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Судебные дела / Зарубежная практика  / UNITED STATES (INTERNAL REVENUE SERVICE), Plaintiff, v. Earl A. CHARLTON, Defendant., United States District Court, E.D. Wisconsin., 144 B.R. 845, No. 89-C-1110. Bankruptcy No. 81-01019., July 2, 1992

UNITED STATES (INTERNAL REVENUE SERVICE), Plaintiff, v. Earl A. CHARLTON, Defendant., United States District Court, E.D. Wisconsin., 144 B.R. 845, No. 89-C-1110. Bankruptcy No. 81-01019., July 2, 1992

25.06.2008  

UNITED STATES (INTERNAL REVENUE SERVICE), Plaintiff, v. Earl A. CHARLTON, Defendant.

United States District Court, E.D. Wisconsin.

144 B.R. 845

No. 89-C-1110. Bankruptcy No. 81-01019.

July 2, 1992.

Jeffrey Snow, Washington, D.C., for plaintiff.

Joseph J. Welcenbach, Welcenbach & Widmann, S.C., Milwaukee, Wis., for defendant.

ORDER

CURRAN, District Judge.

Before the court is the appeal from an order entered by the Bankruptcy Court finding that Earl Alan Charlton is liable to the United States Internal Revenue Service for certain unpaid trust fund taxes in the amount of $153,861.75 plus interest. It is well settled that the proper standard of review applied to findings of fact in the Bankruptcy Court is the clearly erroneous standard. Matter of Evanston Motor Co., Inc. , 735 F.2d 1029 (7th Cir.1984). Because the court finds that the Bankruptcy Court's findings of fact are not clearly erroneous, those findings are adopted by this court. Review of the conclusions of law, however, require de novo consideration. Bankruptcy Rule 8013, Matter of Newman , 903 F.2d 1150 (7th Cir.1990); Calder v. Camp Grove State Bank , 892 F.2d 629, 631 (7th Cir.1990).

The Bankruptcy Court found that the debtor, Earl Alan Charlton, became acquainted with the ex Green Bay Packer Frederick C. (Fuzzy) Thurston during the middle to late 1970's. Thurston and Neal Woodington induced Charlton to invest in a chain of five Wisconsin restaurants generally known as the Left Guard. By June 2, 1977, Charlton was a director of the Milwaukee Left Guard and the Eau Claire Left Guard. On February 8, 1978, Charlton was designated as the registered agent for the holding company for the five Fuzzy Thurston restaurants. On April 16, 1979, Charlton signed an alcoholic beverage license renewal application as secretary, possibly treasurer and director of the Tyrolean, a third Thurston restaurant. On May 4, 1979, Charlton executed an unlimited guarantee for a loan obligation of the Tyrolean Restaurant. During the same time period, Charlton loaned the Janesville restaurant $70,000.00 in accordance with a borrowing resolution he executed as a director of and one of the two shareholders in the restaurant. On the same date, Charlton signed a corporate resolution authorizing the sale/leaseback of the Milwaukee Left Guard's equipment and then executed the agreement as one of the two shareholders in and director of the Milwaukee Left Guard.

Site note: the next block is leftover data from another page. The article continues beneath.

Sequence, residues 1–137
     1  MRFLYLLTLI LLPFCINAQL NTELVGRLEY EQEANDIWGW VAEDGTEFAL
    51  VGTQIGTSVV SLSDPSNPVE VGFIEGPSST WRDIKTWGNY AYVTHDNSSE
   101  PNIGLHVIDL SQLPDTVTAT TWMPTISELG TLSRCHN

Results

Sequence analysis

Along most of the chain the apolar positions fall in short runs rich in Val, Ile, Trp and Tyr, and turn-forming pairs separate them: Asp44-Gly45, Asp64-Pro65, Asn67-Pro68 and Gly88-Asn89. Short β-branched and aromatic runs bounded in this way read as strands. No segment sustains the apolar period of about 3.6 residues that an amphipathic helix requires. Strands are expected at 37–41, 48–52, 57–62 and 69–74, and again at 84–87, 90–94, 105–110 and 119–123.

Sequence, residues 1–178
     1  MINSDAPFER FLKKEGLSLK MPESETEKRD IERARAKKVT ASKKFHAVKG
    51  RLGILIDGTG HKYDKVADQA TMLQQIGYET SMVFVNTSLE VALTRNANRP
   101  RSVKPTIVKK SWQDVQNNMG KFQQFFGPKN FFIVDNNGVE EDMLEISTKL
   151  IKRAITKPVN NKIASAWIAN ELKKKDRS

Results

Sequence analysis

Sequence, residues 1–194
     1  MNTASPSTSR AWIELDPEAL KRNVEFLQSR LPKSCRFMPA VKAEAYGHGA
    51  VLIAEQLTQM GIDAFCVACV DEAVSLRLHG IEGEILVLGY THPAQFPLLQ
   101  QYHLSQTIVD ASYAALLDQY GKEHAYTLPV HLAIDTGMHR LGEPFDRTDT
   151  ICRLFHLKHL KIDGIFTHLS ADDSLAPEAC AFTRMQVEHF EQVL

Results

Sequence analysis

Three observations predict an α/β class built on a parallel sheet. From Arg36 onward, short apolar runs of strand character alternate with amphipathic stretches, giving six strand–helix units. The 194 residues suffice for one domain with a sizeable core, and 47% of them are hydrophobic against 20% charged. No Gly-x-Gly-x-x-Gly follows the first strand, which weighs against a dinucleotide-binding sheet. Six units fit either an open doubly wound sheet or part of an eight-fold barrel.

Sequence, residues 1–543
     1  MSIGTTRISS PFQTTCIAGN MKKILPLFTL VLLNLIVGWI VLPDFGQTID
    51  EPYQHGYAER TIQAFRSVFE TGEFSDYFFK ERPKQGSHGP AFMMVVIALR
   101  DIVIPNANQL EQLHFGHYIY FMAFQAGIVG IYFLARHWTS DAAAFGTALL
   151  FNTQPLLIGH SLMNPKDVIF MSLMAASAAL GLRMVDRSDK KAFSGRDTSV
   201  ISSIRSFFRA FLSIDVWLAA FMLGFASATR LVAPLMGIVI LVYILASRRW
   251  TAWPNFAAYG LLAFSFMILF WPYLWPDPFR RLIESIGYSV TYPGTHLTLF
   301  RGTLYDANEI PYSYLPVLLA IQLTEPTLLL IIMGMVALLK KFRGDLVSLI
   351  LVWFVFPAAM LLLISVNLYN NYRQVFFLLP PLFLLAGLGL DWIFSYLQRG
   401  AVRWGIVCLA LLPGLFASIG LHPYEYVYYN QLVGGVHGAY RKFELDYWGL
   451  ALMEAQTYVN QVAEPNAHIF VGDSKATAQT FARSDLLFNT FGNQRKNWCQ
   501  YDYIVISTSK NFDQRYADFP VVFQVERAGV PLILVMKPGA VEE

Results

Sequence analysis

During that same time frame, Charlton acknowledged that he was the secretary of the holding company, signed a corporate borrowing resolution authorizing himself to endorse and assign checks, certificates of deposit, and other business papers as to the Tyrolean Restaurant, and acknowledged that he was aware of the unpaid employment taxes of and tax liens filed against three of the five restaurants.

Following a letter to the IRS dated August 10, 1979, from Attorney Arthur Blumenthal informing that Charlton had been advised of the tax liens, Charlton mailed a letter to the IRS, along with a $4,000.00 check to be applied to the Tyrolean Restaurant's delinquent employment taxes. The Bankruptcy Judge cited many examples of the control which Carlton exercised over the corporation and the individual incorporated restaurants. In fact, in a letter dated August 23, 1979, Carlton offered to sell all his interest in the chain to Thurston, complaining that the operation was taking too much of his time.

Courts consider a number of factors in deciding whether a person was a responsible person under section 6672. These factors include a person's ability to sign checks; the control exercised over the company's financial affairs; whether the person had the ability to hire and fire employees; whether the person was an officer, a director, or a shareholder; and the size of the person's entrepreneurial stake in the corporate entity. See, e.g., George v. United States , 819 F.2d 1008 (11th Cir.1987). "Section 6672 casts the net of liability over ▒any person required to collect, truthfully account for, and pay over' withholding taxes≈any ▒responsible person' in tax jargon not just the employer and not just the most responsible person." Wright v. United States , 809 F.2d 425 (7th Cir.1987) quoting Howard v. United States , 711 F.2d 729, 737 (5th Cir.1983). The Court thus finds that the Bankruptcy Court's conclusions of law finding that Charlton was a responsible person who willfully failed to pay over trust fund employment taxes and is therefore liable for all unpaid trust fund employment taxes attributable to the five restaurants until November 15, 1979, is the correct decision. The Court further affirms the Bankruptcy Judge's conclusion that Charlton was the responsible person for the two Milwaukee restaurants from November 15, 1979 and thereafter. The Court further affirms the Bankruptcy Judge's conclusion that the failure to pay over trust fund employment taxes, as to the five restaurants until November 15, 1979, and as to the Milwaukee restaurants from November 15, 1979 was a willful act. Accordingly,

IT IS ORDERED that the Order of the Bankruptcy Court be and hereby IS AFFIRMED.

Done and Ordered.

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